29 July 2012
Added "Space Debris and Its Mitigation" to the archive.
16 July 2012
Space Future has been on something of a hiatus of late. With the concept of Space Tourism steadily increasing in acceptance, and the advances of commercial space, much of our purpose could be said to be achieved. But this industry is still nascent, and there's much to do. So...watch this space.
9 December 2010
Updated "What the Growth of a Space Tourism Industry Could Contribute to Employment, Economic Growth, Environmental Protection, Education, Culture and World Peace" to the 2009 revision.
7 December 2008
"What the Growth of a Space Tourism Industry Could Contribute to Employment, Economic Growth, Environmental Protection, Education, Culture and World Peace" is now the top entry on Space Future's Key Documents list.
30 November 2008
Added Lynx to the Vehicle Designs page.
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/ General (Good)
9 November 2009 by G B Leatherwood
Author wants to inspire, as he was inspired
Who better to write a book about space development than Douglas Mallette, a systems engineer working for a Houston, TX company providing technical services to NASA for the Space Shuttle?
/ General (Good)
2 September 2009 by Carol Pinchefsky
Astrogenetix brings medical experiments to space
By Carol Pinchefsky and G.B. Leatherwood
/ Power (Good)
5 August 2009 by G B Leatherwood
A Q&A with PowerSat’s CEO
Here on planet Earth, we’re suffering from an energy crisis: we need gasoline to power our cars, and we need electricity to power our homes. Alternative sources of energy, such as solar and wind power, can only provide a fraction of what we need, and nuclear power has inherent risks. Of course, space enthusiasts see the answer to our problems beyond the planet. By capturing the limitless energy of the sun and transforming it into electrical energy we can use, the world will have the energy it needs without being drained of its finite resources.
/ Tourism (Good)
19 December 2008 by G B Leatherwood
Spaceport America receives FAA approval
This week the Federal Aviation Administration (FAA) approved Spaceport America’s environmental impact statement, and even more important, the launch site operator’s license. These two steps are needed to turn the temporary launch facility into the United State’s first spaceport specifically designed for the space tourism industry.
/ Tourism (Good)
13 December 2008 by G B Leatherwood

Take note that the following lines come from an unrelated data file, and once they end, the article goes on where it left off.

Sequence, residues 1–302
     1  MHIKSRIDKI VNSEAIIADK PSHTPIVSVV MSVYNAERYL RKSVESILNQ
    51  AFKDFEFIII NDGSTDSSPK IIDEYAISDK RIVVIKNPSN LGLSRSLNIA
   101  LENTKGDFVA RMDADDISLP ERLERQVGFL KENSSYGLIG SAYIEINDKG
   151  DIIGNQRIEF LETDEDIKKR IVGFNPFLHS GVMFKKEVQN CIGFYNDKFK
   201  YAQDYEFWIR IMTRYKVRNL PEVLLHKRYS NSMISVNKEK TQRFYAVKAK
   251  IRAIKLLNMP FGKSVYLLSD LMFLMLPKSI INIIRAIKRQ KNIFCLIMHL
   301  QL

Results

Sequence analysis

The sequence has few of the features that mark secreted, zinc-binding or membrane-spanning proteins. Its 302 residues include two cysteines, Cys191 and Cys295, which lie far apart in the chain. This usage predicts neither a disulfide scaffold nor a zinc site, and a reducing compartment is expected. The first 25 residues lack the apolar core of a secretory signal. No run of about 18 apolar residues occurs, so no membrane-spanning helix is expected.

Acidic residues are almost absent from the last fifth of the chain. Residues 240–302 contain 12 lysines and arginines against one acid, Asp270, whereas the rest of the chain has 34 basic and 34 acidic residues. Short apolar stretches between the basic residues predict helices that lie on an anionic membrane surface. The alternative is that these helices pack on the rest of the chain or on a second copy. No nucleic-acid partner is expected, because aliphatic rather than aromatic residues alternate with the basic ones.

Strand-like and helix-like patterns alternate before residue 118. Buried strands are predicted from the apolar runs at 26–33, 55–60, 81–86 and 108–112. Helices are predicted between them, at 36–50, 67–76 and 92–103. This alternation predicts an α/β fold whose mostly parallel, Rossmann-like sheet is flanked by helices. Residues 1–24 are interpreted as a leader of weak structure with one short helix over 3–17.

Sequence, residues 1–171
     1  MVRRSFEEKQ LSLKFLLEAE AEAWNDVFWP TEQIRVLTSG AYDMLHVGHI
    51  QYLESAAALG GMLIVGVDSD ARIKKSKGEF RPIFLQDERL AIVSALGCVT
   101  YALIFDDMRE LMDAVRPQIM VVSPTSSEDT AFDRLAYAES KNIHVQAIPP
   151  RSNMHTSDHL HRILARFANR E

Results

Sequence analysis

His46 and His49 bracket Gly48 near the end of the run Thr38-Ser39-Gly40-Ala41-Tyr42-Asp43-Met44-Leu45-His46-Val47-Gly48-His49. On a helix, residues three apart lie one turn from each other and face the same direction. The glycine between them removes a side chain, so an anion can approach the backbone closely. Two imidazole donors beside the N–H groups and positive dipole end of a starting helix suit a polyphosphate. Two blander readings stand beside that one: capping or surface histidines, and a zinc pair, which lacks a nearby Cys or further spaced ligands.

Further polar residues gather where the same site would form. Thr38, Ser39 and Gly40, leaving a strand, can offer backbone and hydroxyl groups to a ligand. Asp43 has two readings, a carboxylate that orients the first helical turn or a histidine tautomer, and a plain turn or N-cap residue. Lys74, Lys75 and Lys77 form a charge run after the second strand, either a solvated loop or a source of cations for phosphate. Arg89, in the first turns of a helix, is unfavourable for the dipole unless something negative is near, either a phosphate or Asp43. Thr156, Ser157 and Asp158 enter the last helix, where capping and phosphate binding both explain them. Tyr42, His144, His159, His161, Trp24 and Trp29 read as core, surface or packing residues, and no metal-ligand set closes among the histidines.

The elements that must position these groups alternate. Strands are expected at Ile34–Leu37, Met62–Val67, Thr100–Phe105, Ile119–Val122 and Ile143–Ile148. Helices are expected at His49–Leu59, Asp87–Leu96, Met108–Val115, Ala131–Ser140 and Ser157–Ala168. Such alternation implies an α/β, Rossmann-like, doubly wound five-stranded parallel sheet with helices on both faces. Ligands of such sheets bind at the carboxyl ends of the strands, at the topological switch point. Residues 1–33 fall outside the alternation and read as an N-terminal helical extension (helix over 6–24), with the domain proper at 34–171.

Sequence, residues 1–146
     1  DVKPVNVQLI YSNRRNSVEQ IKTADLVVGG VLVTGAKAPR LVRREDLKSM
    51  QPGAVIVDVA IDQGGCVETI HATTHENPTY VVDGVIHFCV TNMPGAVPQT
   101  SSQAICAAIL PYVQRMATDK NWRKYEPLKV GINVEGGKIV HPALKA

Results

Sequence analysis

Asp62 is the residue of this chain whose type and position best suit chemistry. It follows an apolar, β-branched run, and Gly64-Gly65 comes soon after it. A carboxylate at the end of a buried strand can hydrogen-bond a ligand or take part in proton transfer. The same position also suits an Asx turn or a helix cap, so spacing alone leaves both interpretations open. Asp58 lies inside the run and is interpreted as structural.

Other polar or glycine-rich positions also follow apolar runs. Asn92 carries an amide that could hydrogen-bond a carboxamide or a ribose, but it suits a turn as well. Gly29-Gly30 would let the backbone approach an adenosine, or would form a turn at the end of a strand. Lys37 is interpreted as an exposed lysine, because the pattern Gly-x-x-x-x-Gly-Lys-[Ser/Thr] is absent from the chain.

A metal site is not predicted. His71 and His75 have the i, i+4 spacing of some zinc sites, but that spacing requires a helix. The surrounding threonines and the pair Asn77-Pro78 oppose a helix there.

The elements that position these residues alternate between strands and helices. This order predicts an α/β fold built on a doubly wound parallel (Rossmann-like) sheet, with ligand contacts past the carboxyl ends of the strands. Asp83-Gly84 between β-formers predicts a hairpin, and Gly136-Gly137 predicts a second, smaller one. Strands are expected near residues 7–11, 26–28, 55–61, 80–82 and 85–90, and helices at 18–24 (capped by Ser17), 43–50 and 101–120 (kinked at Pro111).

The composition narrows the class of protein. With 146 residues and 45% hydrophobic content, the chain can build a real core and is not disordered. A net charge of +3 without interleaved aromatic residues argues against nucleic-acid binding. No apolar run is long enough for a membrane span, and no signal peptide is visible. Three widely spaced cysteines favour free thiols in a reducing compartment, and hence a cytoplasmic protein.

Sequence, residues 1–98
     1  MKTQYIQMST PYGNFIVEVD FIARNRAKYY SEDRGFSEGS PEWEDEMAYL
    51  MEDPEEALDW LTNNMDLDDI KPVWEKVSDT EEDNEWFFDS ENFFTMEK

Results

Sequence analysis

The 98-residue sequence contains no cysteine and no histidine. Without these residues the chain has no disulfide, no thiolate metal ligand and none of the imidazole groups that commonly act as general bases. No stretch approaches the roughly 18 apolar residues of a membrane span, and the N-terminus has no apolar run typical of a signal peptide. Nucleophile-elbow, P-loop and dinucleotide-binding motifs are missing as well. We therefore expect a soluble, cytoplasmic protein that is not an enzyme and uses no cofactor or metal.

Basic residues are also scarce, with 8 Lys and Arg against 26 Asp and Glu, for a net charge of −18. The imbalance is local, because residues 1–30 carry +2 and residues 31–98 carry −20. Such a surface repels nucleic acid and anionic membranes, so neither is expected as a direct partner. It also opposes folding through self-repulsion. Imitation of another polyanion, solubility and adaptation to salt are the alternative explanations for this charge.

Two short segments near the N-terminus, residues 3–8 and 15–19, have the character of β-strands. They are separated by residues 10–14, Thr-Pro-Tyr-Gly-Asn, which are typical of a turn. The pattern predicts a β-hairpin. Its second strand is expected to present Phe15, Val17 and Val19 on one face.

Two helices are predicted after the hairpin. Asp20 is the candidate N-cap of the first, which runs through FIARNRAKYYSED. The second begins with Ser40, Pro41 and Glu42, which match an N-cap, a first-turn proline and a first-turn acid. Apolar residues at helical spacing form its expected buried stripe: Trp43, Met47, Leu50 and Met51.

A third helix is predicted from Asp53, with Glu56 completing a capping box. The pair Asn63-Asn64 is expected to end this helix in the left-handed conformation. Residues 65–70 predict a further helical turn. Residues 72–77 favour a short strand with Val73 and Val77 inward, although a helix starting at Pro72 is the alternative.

...the official travel agent of XCOR Aerospace
Jeff Greason, president and CEO of XCOR Aerospace, has selected Jules Klar, the president of Great American Travel who founded “$5-a-Day Tours” in 1961, as the agent for flights on XCOR’s spaceplane, the Lynx Mark I—which is now under construction at the XCOR facilities at the Mojave spaceport.
/ Tourism (Good)
12 October 2008 by G B Leatherwood
The son also rises
Some folks are never satisfied. Not with paddling down the Amazon, tracking gorillas in Rwanda, diving to the Titanic, or hunting for meteorites in the frozen Antarctic.
/ General (Good)
13 June 2008 by Carol Pinchefsky
YouTube superstardom and cash prizes await
The Space Frontier Foundation and SpaceContest.org are co-sponsoring the “Space VidVision Contest.” Entrants have until July 8, 2008, to create a video response to the question, “What should the future of American spaceflight be?”
/ General (Good)
11 June 2008 by Carol Pinchefsky
ISS journey will be a busy one
Although most people who pay $20 million for an adventure vacation might want to relax and unwind during their journey, Richard Garriot, games designer and upcoming traveler to the International Space Station ( ISS), is not one of them.
/ Tourism (Good)
27 May 2008 by Carol Pinchefsky
Activities for all budgets
Although it costs over $20 million to visit the International Space Station, you don't need to be a billionaire to experience space tourism. There are a range of activities for a range of budgets, and they span in cost from as little as $12 up to $200,000. They might not be as fabulous as going to space, but at least they’re easier on the wallet.
/ Tourism (Good)
8 May 2008 by G B Leatherwood
Third space "tourist" talks to SpaceFuture
Greg Olsen was the third private citizen to orbit the earth on the International Space Station ( ISS). After training for five months (900 hours) at the Yuri Gagarin Cosmonaut Training Center in Moscow, he launched on a Russian Soyuz spacecraft, the Soyuz TMA-7, on October 1, 2006, with cosmonaut Valeri Tokarev and astronaut Bill McArthur (Expedition 12). He then docked to the ISS on October 3 and returned to earth on Soyuz TMA-6 on October 11 with Cosmonaut Sergei Krikatev and Astronaut John Phillips (Expedition 11).
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